IMF Staff Concludes Visit to West Bank and Gaza
An International Monetary Fund (IMF) mission led by Karen Ongley visited East Jerusalem and Ramallah from January 31 to February 9, 2017, to assess recent economic developments in the West Bank and Gaza and the financial situation of the Palestinian Authority (PA). The mission met with Prime Minister Rami Hamdallah, Finance Minister Shukry Bishara, Governor Azzam Shawwa, and other Palestinian officials. At the end of the mission, Ms. Ongley issued the following statement:
“The Palestinian economy faces increasingly difficult conditions. While we estimate that GDP growth increased from 3.5 percent in 2015 to 4 percent in 2016, this was not sufficient to generate new jobs and unemployment rose to more than 28 percent in September. Consumption is still the primary driver of growth, as political uncertainties and access restrictions continue to inhibit private sector investment across the West Bank. While donor-funded reconstruction in Gaza continued, aid disbursements were delayed and humanitarian conditions remain dire, particularly as the provision of public services worsens.
“The Ministry of Finance and Planning managed these testing circumstances skillfully. Strong revenue mobilization efforts contributed to a marked reduction in the 2016 fiscal deficit. In particular, discussions between the PA and Government of Israel contributed to the payment of past obligations to the PA and these one-off factors helped to increase tax and non-tax receipts by about 2 percentage points of GDP. The sharp increase in total revenue saw the recurrent deficit decline to 5.6 percent of GDP in 2016 from 9.6 percent of GDP in 2015. However, a further decline in donor budget support contributed to a financing shortfall and the accumulation of arrears.
“Notwithstanding recent progress on the budget, 2017 is likely to be a very challenging year. We therefore welcome the prudent approach in the 2017 budget of assuming lower donor support and no additional one-off transfers from Israel. Despite efforts to bolster domestic receipts, the assumed decline in clearance revenue and other payments from Israel points to a reduction in overall revenues, while spending pressures remain. The recurrent deficit is projected to widen by about 2 percent of GDP and, with another 15 percent decline in donor budget support, this would result in a financing gap of almost 6 percent of GDP.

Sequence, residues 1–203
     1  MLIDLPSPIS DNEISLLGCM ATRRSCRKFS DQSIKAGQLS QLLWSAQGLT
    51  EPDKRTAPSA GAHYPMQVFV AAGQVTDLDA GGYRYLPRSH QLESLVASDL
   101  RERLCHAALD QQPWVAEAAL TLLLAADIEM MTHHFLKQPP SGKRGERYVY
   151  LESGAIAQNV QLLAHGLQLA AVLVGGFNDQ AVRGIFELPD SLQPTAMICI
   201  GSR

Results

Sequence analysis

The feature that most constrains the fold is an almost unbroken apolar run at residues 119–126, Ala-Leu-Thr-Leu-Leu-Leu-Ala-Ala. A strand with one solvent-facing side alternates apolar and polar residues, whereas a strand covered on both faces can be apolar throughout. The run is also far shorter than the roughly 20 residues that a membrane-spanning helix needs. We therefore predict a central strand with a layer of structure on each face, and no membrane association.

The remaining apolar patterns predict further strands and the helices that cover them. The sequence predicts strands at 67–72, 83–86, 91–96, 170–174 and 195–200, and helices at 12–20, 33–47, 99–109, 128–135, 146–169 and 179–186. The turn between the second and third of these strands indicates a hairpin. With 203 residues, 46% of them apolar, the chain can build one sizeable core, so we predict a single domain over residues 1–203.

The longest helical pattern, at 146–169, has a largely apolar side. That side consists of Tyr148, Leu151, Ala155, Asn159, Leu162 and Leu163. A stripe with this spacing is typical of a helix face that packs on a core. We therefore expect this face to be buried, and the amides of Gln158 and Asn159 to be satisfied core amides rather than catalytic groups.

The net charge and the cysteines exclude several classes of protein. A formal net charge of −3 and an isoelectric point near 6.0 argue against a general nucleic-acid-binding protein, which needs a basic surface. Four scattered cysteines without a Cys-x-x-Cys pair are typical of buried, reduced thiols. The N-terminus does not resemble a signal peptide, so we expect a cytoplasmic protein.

“Given these fiscal strains which are likely to continue over the medium term, we encourage the authorities to build on recent efforts and explore mitigating options. In the near term, this could include considering contingency measures such as limiting the increase in the wage bill to inflation, as this is the largest expenditure item.
“Looking ahead, the soon-to-be finalized new Public Financial Management (PFM) strategy is another important step which can help efforts to enhance the efficiency of spending and promote lasting fiscal improvements. An action plan of well-prioritized PFM measures could also provide a strong basis for increased donor engagement and support for the government’s priorities in the context of the 2017-2022 National Policy Agenda. Other priority areas include civil service and pension reform, as adopting a strategic approach to the wage bill would free up resources for priority public investments.
“While strong domestic policies will be vital to address fiscal risks, all parties have a role to play. This is particularly important to ensure that efforts to reduce the deficit and achieve a more viable budgetary position do not compromise the delivery of public services. In this regard, it will be crucial to reverse the decline in donor support, and continue discussions with the Government of Israel on enhancing and improving the predictability of revenue transfers. We also look forward to the timely finalization of the recent electricity sector agreement on a transparent and equitable basis, paying close attention to the budgetary implications of successfully implementing the agremeent.
“Efforts to maintain financial stability will be equally important to ensure the financial sector can support sustained economic progress. In this regard, the possible withdrawal of Israeli correspondent banking relationships remains a key risk. The Palestine Monetary Authority (PMA) remains committed to strengthening the anti-money laundering and combating the financing of terrorism (AML/CFT) framework, in line with international standards. In this context, we welcome the constructive working relationship between the Palestine Monetary Authority (PMA) and Bank of Israel. Another important step is the PMA’s recently accepted request for a comprehensive AML/CFT evaluation by MENAFATF, along with plans to continue with AML/CFT-related reforms, with technical support from the IMF and other development partners.
“The outlook for the economy is daunting. With growth projected to hover at little more than 3 percent in the medium term, average incomes will remain stagnant and unemployment will continue to rise. Even this outlook is clouded by possible lower donor support and slower than desirable reconstruction of Gaza. In this context, tackling fiscal and financial risks takes on added importance. And crucially, determined efforts to restore confidence in the peace process are vital to restoring and unleashing the economy’s growth potential.”